Herring has a very special place in Norwegian culture. That is why when it comes to managing our stocks and ensuring the best quality, nothing is left to chance.

 

Herring is one of the most fished wild species in the world, which means responsible harvesting is both crucial and complex.

Atlanto-Scandian herring, of which all commercial Norwegian herring is part, comprises of many different stocks in many different geographical zones. In Norway, our herring fisheries focus primarily on two, spring spawning herring and North Sea herring. Both are considered harvested sustainably and at full reproductive capacity by the International Council for the Explorations of the Sea (ICES).

In December 2020, the Marine Stewardship Council suspended the certification for Norwegian Spring Spawning but it is important to know it was not because the Norwegian herring stock is in a bad shape.

Norwegian herring products

Why was the MSC certification suspended for Norwegian Spring Spawning herring?

The suspension of the MSC certificate has nothing to do with the underlying condition of the herring stock. It is the result of a lack of an agreement between the coastal states participating in the fishery.
In fact, the Norwegian Spring Spawning herring stock is very healthy. The International Council for the Exploration of the Sea (ICES) makes clear in its latest advice, from 2020, that the stock is responsibly managed and that it is in full reproductive capacity.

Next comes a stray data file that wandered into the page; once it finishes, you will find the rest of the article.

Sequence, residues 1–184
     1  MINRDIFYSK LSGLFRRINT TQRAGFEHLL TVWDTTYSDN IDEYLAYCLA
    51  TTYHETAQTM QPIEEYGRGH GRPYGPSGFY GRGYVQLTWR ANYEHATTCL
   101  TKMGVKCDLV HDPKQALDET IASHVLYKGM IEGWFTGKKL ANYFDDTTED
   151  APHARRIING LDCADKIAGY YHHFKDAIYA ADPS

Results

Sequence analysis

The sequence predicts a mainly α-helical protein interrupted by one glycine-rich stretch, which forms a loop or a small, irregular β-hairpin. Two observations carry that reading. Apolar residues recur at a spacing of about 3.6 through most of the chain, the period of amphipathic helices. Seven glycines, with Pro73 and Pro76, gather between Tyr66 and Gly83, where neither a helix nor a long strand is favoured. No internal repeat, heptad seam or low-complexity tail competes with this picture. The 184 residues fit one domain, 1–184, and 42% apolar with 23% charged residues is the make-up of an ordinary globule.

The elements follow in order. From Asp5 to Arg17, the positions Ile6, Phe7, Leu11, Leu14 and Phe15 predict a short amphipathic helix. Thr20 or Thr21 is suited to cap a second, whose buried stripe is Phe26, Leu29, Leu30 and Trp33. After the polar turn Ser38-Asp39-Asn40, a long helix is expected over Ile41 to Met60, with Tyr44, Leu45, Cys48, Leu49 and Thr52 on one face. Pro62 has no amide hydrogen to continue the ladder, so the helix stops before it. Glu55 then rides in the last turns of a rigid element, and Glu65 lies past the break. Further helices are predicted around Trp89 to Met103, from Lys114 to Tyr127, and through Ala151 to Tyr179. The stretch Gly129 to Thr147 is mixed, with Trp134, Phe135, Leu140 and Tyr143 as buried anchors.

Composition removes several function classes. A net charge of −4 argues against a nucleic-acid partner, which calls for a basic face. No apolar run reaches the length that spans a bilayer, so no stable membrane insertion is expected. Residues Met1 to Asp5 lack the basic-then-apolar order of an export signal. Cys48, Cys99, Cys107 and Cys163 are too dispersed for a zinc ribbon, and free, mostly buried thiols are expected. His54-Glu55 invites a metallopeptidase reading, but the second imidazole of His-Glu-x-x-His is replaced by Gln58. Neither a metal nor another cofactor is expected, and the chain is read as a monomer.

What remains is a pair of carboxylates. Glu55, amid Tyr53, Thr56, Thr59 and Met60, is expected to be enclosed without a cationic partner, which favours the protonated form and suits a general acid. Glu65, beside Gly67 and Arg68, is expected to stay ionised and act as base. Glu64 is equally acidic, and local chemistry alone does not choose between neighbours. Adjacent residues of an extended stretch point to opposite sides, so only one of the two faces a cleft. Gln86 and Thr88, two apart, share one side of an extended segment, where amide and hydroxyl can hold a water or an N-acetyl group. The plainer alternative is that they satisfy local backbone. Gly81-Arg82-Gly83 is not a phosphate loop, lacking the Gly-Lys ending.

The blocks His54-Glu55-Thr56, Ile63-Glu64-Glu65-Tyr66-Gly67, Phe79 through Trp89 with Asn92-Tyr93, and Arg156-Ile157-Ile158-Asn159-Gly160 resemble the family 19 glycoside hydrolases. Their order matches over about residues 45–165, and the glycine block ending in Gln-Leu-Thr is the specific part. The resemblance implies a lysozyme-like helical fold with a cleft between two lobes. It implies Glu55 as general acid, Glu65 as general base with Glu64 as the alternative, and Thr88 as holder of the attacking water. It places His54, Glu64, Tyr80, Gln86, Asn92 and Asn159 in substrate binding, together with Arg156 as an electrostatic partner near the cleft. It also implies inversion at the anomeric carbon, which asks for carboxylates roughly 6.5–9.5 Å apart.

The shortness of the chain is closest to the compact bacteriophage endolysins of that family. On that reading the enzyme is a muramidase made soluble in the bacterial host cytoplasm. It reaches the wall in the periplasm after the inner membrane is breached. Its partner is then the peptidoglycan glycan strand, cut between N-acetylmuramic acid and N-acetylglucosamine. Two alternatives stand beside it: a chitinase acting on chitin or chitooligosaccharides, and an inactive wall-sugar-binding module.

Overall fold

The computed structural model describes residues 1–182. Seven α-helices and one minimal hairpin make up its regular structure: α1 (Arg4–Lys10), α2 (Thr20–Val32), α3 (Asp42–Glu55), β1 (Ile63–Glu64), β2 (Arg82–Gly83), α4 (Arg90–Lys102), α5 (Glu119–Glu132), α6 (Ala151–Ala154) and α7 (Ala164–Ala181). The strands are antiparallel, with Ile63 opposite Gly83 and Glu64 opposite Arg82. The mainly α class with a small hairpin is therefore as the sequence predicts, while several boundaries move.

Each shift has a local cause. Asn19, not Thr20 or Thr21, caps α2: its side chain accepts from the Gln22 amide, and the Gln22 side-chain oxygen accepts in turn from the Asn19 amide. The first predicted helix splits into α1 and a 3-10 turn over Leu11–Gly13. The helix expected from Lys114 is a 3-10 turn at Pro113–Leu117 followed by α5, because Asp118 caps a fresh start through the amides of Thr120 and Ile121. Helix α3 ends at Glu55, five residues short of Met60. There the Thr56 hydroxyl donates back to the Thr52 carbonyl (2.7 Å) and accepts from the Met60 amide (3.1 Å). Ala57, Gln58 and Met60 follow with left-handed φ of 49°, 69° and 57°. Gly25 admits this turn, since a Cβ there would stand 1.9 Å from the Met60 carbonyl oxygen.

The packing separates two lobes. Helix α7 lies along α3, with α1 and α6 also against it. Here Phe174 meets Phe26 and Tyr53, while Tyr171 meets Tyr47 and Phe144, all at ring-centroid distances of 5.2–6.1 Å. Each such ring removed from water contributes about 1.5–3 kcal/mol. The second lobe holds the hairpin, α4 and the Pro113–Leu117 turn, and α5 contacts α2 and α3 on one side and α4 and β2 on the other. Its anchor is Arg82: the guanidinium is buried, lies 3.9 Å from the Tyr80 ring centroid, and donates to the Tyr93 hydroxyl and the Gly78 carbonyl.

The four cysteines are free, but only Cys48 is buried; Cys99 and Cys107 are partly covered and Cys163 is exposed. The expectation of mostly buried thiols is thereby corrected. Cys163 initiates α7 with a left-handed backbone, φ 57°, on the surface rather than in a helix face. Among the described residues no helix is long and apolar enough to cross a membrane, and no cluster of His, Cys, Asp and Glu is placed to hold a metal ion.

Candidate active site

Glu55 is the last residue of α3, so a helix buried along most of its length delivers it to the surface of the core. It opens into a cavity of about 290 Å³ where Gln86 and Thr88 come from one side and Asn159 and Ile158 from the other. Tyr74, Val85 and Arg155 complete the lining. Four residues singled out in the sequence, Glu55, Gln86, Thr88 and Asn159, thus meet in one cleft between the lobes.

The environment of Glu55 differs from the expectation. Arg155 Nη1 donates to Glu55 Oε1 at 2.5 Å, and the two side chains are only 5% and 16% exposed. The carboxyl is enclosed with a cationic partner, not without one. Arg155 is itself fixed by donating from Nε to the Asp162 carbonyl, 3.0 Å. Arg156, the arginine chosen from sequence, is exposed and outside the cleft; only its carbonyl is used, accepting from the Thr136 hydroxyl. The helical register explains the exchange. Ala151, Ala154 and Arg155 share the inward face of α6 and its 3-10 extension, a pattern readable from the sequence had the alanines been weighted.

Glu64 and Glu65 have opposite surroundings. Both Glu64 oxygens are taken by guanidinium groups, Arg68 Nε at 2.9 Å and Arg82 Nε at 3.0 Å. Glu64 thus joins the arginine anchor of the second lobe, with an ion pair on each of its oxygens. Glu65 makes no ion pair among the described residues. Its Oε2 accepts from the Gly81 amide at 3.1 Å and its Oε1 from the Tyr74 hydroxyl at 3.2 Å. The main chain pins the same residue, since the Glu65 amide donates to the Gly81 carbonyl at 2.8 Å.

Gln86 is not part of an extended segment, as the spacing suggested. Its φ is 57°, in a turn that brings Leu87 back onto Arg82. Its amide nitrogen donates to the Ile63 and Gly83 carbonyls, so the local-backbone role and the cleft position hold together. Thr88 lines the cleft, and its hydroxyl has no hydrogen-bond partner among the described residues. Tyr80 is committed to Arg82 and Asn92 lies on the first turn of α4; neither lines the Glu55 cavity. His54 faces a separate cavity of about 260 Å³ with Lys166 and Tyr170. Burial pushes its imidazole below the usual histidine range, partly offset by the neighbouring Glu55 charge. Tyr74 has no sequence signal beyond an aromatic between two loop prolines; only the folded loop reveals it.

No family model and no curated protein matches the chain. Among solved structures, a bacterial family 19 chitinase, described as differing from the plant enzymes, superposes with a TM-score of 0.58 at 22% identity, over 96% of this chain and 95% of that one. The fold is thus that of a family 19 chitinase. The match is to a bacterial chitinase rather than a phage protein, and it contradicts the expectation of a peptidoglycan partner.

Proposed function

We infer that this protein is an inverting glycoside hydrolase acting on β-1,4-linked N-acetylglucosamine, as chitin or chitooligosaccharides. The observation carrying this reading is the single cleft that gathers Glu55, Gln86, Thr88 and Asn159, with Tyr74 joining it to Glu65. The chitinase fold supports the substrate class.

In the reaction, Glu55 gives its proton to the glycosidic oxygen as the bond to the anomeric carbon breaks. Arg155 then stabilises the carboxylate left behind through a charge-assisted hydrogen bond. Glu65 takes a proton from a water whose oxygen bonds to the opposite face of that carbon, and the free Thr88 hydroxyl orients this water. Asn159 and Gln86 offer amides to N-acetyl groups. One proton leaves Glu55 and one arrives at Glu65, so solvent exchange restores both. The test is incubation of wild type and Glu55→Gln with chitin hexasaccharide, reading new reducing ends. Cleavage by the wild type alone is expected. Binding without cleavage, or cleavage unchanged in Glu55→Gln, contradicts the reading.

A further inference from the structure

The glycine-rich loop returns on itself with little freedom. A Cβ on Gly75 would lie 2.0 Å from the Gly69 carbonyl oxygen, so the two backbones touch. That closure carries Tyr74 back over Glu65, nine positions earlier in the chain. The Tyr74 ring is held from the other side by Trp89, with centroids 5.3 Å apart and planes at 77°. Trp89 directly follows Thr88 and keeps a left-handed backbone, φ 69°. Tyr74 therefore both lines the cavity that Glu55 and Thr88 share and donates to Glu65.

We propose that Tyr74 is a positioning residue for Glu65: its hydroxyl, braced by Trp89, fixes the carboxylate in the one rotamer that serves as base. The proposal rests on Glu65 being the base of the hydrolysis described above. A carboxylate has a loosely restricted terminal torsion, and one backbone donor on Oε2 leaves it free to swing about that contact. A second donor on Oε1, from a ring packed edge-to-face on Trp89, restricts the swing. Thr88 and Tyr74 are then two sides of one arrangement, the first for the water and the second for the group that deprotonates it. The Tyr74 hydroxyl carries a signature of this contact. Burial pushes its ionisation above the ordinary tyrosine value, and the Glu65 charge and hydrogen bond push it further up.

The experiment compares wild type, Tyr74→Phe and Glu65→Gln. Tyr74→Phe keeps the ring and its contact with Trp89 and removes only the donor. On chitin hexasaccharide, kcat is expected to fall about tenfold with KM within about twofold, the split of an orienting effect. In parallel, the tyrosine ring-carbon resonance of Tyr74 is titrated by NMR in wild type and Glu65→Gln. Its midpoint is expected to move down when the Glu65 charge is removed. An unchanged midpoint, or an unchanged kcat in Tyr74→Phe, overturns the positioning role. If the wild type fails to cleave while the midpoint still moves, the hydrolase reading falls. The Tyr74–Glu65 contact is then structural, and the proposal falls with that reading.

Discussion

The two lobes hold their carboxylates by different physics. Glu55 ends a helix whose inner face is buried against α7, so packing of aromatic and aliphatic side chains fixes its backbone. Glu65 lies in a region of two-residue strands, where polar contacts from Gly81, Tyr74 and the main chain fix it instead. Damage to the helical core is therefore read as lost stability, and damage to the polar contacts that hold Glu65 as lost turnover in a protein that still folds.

The ICES offers independent advice on the health of fisheries and it actually recommends an increase of 24 percent in the total allowable catch of Norwegian spring spawning herring for 2021.

Why is there no agreement?

Joint fishery agreements are key for Norway, but we are at the same time dependent on the other participating countries to reach an agreement. For Norwegian spring spawning herring however, such an agreement has unfortunately not been reached, the result being that the fishery does not meet one of the three criteria of the MSC certificate.

The Norwegian spring spawning herring stock has been thoroughly documented as sustainable by ICES, and Norway does not and will not take risks with the health of its fisheries. We have a good track record when it comes to fisheries management and have many decades of experience in protecting our seas and our fish. In fact, when the UN reported on the management policies of the world’s fisheries nations, it named Norway as a leader and pioneer on environmental issues. Read more about what the Food and Agriculture Organization of the United Nations (FAO) says about Norwegian fisheries.

How does Norway ensure its herring is sustainable?

Sustainability is at the heart of everything we do – from our modern management systems and regulatory bodies, to our diverse fishing fleet. We know that this is the only way to secure the future of our fish stocks and we take pride in the fact that our holistic approach safeguards not just herring stocks and other key species but the ecosystem as a whole.